“Not infrequently,” Aida narrates, “he (Tsega) would arrive home to find her in a corner, weeping. Child, he would say gently, why are you crying—Ayzosh, ayzosh, he would murmur, drawing her to him. He would wipe away her tears and gently soften her taut and salty face. Ayzosh. I will be like a mother to you.” And at other times, a different Tsega would emerge: “Come here. Her stomach seemed suddenly to have slid to somewhere around her feet. Come here, I said. He raised a stick, and he did not stint.”
And yet as Yetemegnu expressed the frequent violence that her often kind and loving husband precariously inflicts she also conveyed her aspirations and her rebellious stance that she continually conceived. It is this complicated relationship between husband and wife that the author recreates in heartening words, in deeply affecting reflections and in meticulously written historical contexts.
Yetemegnu was only 14 when she had her first child, who later dies. Mariam, Mariam, Mariam, direshilin is a chant by midwives and others that Aida repeatedly inscribes to describe the performative setting of Yetemegnu’s 10 entries into motherhood. And through the recurring lines of Mariam, Mariam, the author brilliantly conjures this exhilarating chant that was performed by women during a time when there were no hospitals around. Certainly, what fascinated me most was Aida’s returning urge to articulate such types of cultural and social formations that are spread throughout the book. It is as if Aida wanted to understand her own unfamiliar journey to such experiences and that she also wanted to urgently remind the reader about notions of culture that were once important but are now completely erased from the memory of contemporary knowledge.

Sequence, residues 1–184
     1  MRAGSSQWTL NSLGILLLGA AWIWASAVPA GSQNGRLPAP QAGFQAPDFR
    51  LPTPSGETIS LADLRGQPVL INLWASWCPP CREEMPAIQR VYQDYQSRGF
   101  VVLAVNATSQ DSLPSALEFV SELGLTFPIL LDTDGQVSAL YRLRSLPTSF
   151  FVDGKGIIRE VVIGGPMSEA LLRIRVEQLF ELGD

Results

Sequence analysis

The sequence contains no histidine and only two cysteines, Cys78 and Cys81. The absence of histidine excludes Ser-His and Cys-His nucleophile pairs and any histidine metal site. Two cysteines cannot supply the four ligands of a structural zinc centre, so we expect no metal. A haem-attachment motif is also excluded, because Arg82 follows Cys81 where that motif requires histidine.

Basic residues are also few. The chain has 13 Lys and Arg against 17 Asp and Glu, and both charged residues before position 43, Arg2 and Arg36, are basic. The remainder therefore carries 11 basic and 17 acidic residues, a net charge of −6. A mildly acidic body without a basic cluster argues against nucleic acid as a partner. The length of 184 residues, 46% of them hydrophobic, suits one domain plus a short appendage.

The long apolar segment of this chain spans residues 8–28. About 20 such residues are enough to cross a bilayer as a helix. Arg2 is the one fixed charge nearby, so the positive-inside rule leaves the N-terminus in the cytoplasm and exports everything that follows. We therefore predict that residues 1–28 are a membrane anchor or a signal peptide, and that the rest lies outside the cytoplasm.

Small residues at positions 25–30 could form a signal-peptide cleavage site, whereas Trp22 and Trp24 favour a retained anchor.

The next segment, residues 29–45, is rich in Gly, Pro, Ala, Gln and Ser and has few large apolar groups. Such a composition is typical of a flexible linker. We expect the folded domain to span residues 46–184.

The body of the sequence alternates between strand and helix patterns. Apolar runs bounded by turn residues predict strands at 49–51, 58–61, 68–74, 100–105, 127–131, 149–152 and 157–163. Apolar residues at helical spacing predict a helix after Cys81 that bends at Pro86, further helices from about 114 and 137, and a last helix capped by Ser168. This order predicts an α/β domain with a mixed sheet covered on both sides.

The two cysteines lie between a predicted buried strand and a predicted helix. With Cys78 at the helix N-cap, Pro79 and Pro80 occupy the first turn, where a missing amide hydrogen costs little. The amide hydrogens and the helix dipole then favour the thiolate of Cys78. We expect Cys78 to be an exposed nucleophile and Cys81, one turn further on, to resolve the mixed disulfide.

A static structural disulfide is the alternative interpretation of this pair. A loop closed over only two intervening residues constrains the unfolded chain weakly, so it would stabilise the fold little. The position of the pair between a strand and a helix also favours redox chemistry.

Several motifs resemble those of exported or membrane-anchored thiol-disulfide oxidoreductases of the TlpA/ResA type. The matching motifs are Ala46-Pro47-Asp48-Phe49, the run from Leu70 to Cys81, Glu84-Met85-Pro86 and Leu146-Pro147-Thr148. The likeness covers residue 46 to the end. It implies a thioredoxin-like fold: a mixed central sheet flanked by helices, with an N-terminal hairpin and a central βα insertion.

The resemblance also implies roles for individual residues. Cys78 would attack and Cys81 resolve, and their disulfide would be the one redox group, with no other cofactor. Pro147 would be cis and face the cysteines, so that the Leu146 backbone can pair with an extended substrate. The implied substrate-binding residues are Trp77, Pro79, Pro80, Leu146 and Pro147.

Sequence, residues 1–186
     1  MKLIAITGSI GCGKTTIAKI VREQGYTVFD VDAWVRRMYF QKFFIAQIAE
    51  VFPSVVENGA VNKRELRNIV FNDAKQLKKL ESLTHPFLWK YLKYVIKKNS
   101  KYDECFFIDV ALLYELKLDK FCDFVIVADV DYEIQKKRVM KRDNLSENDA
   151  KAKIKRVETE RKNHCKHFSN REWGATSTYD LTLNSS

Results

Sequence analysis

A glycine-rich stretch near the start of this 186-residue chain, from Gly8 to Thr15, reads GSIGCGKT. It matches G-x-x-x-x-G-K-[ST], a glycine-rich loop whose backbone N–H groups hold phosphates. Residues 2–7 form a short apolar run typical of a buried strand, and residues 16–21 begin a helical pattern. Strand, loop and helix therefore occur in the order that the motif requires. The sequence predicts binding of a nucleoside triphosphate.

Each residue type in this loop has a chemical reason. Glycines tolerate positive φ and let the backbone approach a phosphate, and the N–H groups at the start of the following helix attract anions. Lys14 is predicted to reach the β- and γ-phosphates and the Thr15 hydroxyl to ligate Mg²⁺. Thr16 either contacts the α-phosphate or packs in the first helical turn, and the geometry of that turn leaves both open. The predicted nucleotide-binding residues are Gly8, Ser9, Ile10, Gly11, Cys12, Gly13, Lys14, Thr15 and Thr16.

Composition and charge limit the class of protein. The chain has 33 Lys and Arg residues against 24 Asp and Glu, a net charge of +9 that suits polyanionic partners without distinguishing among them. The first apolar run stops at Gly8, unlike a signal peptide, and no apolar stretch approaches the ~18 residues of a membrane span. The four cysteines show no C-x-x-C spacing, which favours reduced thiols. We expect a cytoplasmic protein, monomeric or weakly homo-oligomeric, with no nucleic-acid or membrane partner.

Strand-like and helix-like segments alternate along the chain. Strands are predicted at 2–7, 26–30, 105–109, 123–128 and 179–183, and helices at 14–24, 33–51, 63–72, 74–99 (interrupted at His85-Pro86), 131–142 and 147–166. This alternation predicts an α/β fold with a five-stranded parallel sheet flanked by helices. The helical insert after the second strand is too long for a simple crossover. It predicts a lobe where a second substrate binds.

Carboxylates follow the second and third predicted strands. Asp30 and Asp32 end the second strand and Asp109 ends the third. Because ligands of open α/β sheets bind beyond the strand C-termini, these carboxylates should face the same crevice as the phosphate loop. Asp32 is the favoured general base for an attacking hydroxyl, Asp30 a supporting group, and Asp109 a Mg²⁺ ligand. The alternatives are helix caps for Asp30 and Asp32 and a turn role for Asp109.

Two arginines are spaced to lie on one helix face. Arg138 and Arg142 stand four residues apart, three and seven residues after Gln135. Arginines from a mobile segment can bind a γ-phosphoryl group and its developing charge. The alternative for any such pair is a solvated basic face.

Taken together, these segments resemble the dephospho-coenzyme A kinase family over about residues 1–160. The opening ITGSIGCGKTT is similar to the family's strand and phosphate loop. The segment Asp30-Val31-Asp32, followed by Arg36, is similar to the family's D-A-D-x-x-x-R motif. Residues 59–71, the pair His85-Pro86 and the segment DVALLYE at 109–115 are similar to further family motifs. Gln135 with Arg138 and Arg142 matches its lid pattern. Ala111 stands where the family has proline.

And then there is the absorbing story of the Italian occupation when Yetemegnu takes us to the war and to the prominent personalities of the time such as Ras Kassa, to his son and to his brothers who were executed by Italian fascists, and to Abune Tewoflos who later became the second Patriarch of the Ethiopian Orthodox Church, and who was Yetemegnu’s family friend. Tewoflos was executed by the military regime in 1974 with 60 other officials of the imperial government. He helped one of Yetemegnu’s sons, Aida, (who is the author’s father), to get a scholarship to Canada to study medicine. And after coming back, the son Aida would establish the first medical college in the country. Indeed, there were many other stories that revolved around the Italian occupation; the brothels that were frequented by Italians, Tsega’s administrative duties for 44 churches in Gondar, as well as the prayers of mercy by the deacons and priests of Gonderoch Maryam and Ba’aata. While it was Yetemegnu who told the stories to her granddaughter Aida, in the book it is as though their two voices have merged.
Another exceptional moment is Yetemegnu’s “wayward” experience with the zar, a ritual that can only be captured by one’s own lived experience. But with a vividly cinematic narrative, the author takes us through Yetemegnu’s recurring trance as if she felt and sensed the zar through her own imagination of Ethiopian myths and ancestral spirits. In other words, Aida locates the past in such a way that seems to converge with her own memory and identity.
We find in many parts of the book that the recording of Yetemegnu’s experience was not adequate by itself. It is only with the fusion of a deeply researched history and imagination that we get a fuller portrayal of Yetemegnu’s life.